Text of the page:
Risk has had a bad rap. The typically negative connotations of risk assume it is something to be identified, assessed and managed out. In the construction industry, the management of risk accounts for a substantial portion of the building delivery process, bringing with it a raft of project and professional insurances. Meanwhile, within architectural practice, the management of risk drives a very large part of the mechanics of our business as we project an image of stability and certainty to prospective clients.
Yet this characterization puts our profession at risk as the business environment increasingly learns to embrace innovation as the necessary partner of success. Innovation here is code for risk. The new ventures, technologies and products that drive tomorrow’s innovations are predicated as a balance between risk and potential rewards. The banking, medical and finance sectors have accepted this and are swiftly adapting their business methods to meet new opportunities. These industries understand that risk associated with innovation is not a negative but rather a constituent part of creating new tools, methods and products that expand business and drive our economies forward. So while the driving force of the global economic environment has placed innovation at the core of the future economic agenda, how is architecture responding?
The short answer is, not well. One of the key reasons here is one of scale. Of the 14,006 registered practices in Australia only 2 percent employ more than twenty people. The profession is heavily biased towards Small and Medium Enterprises, which typically find it difficult to fund innovation. 1 If this structural challenge was not enough, there is also a culture of compliancy at work.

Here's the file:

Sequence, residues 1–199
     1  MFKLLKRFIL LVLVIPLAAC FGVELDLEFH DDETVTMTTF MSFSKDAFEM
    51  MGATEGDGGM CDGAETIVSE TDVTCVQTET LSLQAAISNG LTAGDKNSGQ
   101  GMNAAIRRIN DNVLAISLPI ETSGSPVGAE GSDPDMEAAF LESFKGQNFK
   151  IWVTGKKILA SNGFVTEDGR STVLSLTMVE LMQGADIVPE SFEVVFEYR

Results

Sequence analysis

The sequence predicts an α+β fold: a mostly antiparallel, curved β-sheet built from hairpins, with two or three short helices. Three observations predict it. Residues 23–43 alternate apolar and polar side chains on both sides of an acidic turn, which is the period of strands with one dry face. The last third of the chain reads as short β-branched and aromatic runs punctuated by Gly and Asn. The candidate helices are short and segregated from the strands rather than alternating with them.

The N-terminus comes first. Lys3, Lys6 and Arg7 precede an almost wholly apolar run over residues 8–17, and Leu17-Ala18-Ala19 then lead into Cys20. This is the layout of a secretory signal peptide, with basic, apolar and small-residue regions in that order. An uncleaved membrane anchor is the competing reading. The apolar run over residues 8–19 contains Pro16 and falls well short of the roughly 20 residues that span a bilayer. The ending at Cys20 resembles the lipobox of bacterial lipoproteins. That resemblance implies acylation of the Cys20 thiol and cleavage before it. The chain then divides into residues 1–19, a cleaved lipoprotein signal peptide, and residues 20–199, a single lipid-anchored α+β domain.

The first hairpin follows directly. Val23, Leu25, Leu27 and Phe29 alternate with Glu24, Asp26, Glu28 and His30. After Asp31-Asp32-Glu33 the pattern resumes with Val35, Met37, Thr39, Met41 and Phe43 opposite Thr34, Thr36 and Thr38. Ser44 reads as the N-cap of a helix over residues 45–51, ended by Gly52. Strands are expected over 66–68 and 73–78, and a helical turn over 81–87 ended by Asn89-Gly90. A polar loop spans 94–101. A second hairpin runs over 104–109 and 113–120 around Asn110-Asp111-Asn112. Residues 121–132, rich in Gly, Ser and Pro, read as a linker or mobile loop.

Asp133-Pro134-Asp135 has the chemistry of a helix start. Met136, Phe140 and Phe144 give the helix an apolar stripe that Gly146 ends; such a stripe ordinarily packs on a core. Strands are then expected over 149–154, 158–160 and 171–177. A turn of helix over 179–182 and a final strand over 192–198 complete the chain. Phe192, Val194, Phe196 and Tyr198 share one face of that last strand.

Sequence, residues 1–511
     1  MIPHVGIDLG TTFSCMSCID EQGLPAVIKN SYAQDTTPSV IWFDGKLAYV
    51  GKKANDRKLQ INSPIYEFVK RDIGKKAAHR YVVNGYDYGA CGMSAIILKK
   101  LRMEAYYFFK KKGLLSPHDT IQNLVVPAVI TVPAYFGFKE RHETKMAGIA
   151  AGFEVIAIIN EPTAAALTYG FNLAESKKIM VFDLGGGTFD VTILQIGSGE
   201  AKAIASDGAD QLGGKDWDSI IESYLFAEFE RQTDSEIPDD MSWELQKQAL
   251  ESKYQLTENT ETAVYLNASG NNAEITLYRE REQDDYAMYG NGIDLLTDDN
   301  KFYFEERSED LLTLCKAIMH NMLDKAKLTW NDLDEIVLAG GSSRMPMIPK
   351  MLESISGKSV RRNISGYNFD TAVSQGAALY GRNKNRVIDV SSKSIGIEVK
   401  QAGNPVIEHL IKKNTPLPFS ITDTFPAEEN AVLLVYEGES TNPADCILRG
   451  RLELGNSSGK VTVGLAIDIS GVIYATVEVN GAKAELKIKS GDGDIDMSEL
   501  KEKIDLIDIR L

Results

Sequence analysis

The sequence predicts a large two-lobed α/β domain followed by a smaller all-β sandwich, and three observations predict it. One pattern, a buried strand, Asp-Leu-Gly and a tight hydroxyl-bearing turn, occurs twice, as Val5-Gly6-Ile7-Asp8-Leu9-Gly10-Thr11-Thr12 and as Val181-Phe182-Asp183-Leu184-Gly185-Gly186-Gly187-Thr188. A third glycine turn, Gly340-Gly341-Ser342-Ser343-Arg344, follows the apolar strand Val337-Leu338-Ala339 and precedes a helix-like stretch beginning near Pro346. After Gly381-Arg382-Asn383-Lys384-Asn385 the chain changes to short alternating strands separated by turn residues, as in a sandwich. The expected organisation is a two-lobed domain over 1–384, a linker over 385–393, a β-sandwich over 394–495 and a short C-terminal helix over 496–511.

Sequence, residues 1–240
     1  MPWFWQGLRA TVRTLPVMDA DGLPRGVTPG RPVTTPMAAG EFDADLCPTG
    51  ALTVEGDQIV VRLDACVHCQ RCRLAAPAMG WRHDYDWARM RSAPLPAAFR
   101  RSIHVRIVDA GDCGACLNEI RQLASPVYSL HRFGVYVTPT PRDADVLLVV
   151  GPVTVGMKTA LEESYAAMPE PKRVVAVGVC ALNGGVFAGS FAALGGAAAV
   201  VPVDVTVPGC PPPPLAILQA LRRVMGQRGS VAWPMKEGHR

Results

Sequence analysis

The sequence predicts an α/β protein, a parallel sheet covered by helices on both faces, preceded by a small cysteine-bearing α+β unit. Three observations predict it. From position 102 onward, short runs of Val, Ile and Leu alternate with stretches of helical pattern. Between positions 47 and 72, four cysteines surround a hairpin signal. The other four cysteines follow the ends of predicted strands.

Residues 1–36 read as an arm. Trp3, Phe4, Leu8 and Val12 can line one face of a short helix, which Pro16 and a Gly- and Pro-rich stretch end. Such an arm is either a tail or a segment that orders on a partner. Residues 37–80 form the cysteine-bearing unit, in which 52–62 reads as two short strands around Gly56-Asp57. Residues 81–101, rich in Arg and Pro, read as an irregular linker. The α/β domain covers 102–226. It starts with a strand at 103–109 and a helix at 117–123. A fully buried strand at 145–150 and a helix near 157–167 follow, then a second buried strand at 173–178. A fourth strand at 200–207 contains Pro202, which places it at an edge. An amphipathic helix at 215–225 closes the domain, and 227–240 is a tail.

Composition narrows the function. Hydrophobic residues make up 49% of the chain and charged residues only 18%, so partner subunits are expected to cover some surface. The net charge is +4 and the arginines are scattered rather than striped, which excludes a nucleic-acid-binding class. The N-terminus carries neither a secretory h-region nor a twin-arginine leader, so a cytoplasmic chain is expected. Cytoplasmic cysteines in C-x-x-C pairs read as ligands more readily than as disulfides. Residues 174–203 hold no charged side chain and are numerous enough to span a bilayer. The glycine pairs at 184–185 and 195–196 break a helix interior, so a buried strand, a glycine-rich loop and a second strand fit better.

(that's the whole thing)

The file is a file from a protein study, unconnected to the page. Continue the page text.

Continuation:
We think of architecture as a creative profession that innovates all the time. Every click or sketch is aimed at creating something new. However, not all design is innovative. This is the central misunderstanding of innovation in architecture, which continues to limit the profession’s understanding of risk as it misses business opportunities within the innovation economy. The result is that at the scale of macro-economics, design is recognized as playing a very minor part in the value supply chain and innovation networks. This at a time when innovation networks have become vitally important.
The Australian Innovation System (AIS) Report 2013 shows that businesses that commit to innovation are 78 percent more likely to report an increase in productivity from the preceding year. Additionally, those that collaborate outside their own domain are 242 percent more likely to report an increase in productivity. 2 So while architects continue to focus on evolving designs, the design and development of the businesses of architecture – the area with the greatest potential to reframe our discipline – is rarely discussed.
In fact, the dominant business model of today’s architect expressly avoids a list of elements that are trademarks of innovation. 3 This includes the sharing of intellectual property, broad collaboration, the allocation of a portion of business commitments to new and risky ventures, embracing outsourcing, developing metrics for capturing and assessing data, and developing niche services.
Take, for example, the trend towards niche business services springing up to take advantage of the repetitive tasks within workflows. Within architecture this has seen a shift from drafter to data-entry worker. With it documentation is slowly moving offshore. This represents a significant challenge, as the drafting room could be considered the engine of those businesses, and a culturally significant part of professional identity. They are a reservoir of disciplinary knowledge and training and, if nothing else, a significant stage in the billing cycle.
Yet the industry seems unwilling to acknowledge the crisis, even as predator businesses colonize niche architectural activities. For instance, digitization has transformed much of what is done within a practice, yet the development of new business opportunities that take advantage of this has not formed part of the disciplinary conversation. Digitization is typically seen as an efficiency system only, introducing incremental innovation at best.